Today's News

  • No parking rankles Wheeler dwellers

    A sign on Rockwood’s West Wheeler Street forbidding street parking has its residents up in arms.

    Rockwood Public Works Director Tom Pierce put up the sign after receiving complaints.

    Rockwood City Council decided Monday to take down the sign, but city leaders will continue to look into what needs to be done to address traffic flow on the street.

    “If we’re going to do something that needs to be enforced, we need to put together an ordinance so it can be enforced,” Mayor James Watts said.

  • Rockwood gives teens a voice in the community

    Rockwood youth have a voice, and the city is listening.

    High school- and college-age youth are part of the Rockwood Youth Advisory Committee. Rockwood City Council member Krystal Hennager is the sponsor for the highly motivated young people who want more for their community and those their age.

    Their first project, a community homecoming bonfire, went well, and now the group is gearing up to help with this weekend’s Halloween party in downtown Rockwood.

  • Swan Pond folks vent to EPA

    Swan Pond resident Don Simon hasn’t experienced much success in his quest to speak with top officials from the U.S. Environmental Protection Agency. His frustration with that was expressed on Wednesday during a public hearing on EPA’s plan to regulate coal ash.

    “I’m not here to thank the EPA,” Simon said. “I’m basically here to chastise them.”

  • Need pews? They're free

    Sevier Drive Church of Christ, Harriman, is giving away church pews.

    Call 882-7659 for details.

    The church is at 1014 Sevier Drive.

  • Contest gives kids a chance to boost their school lunches

    A nationwide recipe contest aims to give America’s students the opportunity to contribute foods to their school lunch menus.

    The goal of the Recipes for Healthy Kids Challenge is to improve school meals and the health of children across the nation through the creation of exciting new recipes for inclusion on school lunch menus.

  • EPA coal-ash hearing draws advocates, environmentalists

    An industry exists for the fly ash produced at coal-fired power plants.

    People who make a living in that industry were very vocal at the U.S. Environmental Protection Agency’s public hearing on Wednesday.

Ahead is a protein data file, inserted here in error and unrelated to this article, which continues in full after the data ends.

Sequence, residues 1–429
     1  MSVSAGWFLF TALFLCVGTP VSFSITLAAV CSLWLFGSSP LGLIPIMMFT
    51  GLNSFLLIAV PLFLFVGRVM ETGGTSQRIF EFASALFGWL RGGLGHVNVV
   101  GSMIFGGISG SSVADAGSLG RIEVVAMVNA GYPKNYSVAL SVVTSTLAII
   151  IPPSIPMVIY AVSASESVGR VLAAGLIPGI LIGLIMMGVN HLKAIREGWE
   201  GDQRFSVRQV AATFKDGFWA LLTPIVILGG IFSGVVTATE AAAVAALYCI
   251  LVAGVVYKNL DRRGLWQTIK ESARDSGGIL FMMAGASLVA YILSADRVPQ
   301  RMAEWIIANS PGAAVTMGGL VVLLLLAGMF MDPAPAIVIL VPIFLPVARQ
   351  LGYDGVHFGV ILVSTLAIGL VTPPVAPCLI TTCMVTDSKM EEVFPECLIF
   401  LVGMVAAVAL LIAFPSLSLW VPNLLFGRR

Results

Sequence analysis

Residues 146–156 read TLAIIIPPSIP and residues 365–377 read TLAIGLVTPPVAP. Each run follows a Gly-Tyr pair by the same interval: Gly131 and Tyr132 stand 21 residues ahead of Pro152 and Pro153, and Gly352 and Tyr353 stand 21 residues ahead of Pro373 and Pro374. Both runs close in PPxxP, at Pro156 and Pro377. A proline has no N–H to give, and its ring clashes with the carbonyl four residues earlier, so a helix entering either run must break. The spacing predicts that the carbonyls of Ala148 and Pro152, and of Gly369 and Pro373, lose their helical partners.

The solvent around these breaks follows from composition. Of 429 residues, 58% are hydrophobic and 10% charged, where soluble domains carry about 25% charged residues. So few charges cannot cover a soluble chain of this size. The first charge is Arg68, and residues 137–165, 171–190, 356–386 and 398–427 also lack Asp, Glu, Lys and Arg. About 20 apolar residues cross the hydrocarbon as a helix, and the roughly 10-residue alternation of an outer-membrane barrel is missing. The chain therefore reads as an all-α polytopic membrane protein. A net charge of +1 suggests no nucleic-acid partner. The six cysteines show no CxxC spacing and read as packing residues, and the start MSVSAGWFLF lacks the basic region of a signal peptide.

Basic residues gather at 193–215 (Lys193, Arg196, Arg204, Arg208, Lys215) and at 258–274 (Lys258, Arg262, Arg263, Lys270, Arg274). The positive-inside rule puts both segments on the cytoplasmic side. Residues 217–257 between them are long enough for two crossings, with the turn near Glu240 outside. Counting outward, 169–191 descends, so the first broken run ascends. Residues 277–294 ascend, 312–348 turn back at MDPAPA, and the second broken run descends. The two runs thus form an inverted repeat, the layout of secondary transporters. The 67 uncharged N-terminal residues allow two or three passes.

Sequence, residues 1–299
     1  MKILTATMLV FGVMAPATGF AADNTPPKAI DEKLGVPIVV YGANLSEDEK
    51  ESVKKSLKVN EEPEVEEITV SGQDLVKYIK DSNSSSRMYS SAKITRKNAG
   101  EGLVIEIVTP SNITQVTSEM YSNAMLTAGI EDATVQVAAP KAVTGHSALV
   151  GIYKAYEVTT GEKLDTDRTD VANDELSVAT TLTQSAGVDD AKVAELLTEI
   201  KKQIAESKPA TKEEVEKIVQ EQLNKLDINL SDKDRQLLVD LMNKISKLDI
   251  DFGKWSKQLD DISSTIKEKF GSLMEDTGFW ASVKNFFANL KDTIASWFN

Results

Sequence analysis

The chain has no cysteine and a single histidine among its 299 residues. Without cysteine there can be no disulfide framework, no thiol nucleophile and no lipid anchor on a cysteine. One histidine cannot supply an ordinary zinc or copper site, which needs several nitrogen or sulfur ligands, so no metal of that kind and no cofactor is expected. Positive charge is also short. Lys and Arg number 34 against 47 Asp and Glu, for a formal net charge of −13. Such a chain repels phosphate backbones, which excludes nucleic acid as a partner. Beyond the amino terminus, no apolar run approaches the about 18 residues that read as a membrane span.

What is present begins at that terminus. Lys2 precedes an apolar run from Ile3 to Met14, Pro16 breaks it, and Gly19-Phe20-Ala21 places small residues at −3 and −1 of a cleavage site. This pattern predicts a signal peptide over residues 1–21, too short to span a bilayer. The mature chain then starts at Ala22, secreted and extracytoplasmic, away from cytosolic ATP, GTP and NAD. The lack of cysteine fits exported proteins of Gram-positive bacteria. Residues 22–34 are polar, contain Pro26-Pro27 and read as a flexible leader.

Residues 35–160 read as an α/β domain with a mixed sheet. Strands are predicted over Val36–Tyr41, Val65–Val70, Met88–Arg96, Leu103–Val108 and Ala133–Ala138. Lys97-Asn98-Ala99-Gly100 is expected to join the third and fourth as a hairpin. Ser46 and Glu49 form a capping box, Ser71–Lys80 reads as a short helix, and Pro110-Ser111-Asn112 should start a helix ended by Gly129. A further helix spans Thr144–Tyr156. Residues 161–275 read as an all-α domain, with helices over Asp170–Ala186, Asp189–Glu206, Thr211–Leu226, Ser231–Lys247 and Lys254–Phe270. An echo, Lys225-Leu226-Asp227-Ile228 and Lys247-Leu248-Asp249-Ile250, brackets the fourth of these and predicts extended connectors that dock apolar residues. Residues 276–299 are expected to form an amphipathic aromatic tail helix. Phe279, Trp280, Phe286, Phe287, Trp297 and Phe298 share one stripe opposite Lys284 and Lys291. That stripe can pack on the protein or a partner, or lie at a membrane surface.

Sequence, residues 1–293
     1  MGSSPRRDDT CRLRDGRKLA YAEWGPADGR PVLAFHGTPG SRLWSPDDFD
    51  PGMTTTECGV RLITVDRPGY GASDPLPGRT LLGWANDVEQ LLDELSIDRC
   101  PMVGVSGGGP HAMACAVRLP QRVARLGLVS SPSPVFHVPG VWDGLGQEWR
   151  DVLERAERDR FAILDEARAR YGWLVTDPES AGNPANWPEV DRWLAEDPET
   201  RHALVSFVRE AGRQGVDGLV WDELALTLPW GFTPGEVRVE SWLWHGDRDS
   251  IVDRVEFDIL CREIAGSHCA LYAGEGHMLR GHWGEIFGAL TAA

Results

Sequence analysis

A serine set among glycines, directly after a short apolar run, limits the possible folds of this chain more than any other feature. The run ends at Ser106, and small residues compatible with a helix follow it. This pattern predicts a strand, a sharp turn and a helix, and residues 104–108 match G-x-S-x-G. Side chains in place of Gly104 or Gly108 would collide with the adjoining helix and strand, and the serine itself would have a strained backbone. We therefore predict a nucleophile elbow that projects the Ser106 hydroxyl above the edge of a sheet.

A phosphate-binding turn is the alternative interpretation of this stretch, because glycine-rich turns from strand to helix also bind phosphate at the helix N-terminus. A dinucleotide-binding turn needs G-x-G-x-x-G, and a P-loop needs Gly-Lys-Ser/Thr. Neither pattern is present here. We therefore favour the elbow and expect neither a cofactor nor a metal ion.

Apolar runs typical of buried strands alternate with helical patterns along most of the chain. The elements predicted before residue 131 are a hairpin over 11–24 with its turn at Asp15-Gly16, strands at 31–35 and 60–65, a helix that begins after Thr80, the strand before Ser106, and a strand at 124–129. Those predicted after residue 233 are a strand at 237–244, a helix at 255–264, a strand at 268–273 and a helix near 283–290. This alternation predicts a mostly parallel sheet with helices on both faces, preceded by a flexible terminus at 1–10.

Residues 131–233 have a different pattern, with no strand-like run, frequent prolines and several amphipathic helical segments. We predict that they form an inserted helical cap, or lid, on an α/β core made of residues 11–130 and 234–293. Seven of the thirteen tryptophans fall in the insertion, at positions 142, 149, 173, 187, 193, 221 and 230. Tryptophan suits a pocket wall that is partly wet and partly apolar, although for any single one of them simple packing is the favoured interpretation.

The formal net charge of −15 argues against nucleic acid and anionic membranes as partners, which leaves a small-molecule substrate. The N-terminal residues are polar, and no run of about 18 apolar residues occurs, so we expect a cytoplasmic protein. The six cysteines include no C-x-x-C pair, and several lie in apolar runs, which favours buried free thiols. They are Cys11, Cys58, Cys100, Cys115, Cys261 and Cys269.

Randy Compton said he sells recycled ash, which can be used in products like concrete, cement and wallboard.   

    “I take it from the power plant and sell it to the ready mix producers,” he said.

  • TVL season winding down

    With the last week of the regular season on the horizon, the Tennessee Valley League has only one question remaining as to where a set of teams will finish.

  • Ladd recalls Coach "Hoot" Gibson

    The Coach Jim "Hoot" Gibson Memorial Game returns to Kingston this Friday to remember a great coach and educator for both Loudon and Kingston High Schools. 

  • Regular season comes to an end Friday night

    Oh how time flies.

    It seemed like only yesterday that Roane County’s five football teams put on the pads for the start of practice in the hot July sun, but now blankets and hot chocolate will be in high demand Friday night as the regular season comes to a close.

  • Misusing religion to bash for votes

    By Charles C. Haynes
    First Amendment Center
    Thomas Jefferson may be an iconic Founder today, but in the 1800 presidential campaign he was widely condemned for being an “atheist in religion and a fanatic in politics” who (it was rumored) had a secret plan to confiscate all the Bibles in the land.
    Sad truth be told, rumors, smears and nasty debates over the religious affiliation, or lack thereof, of candidates for office have marred American political campaigns since the early days of the Republic.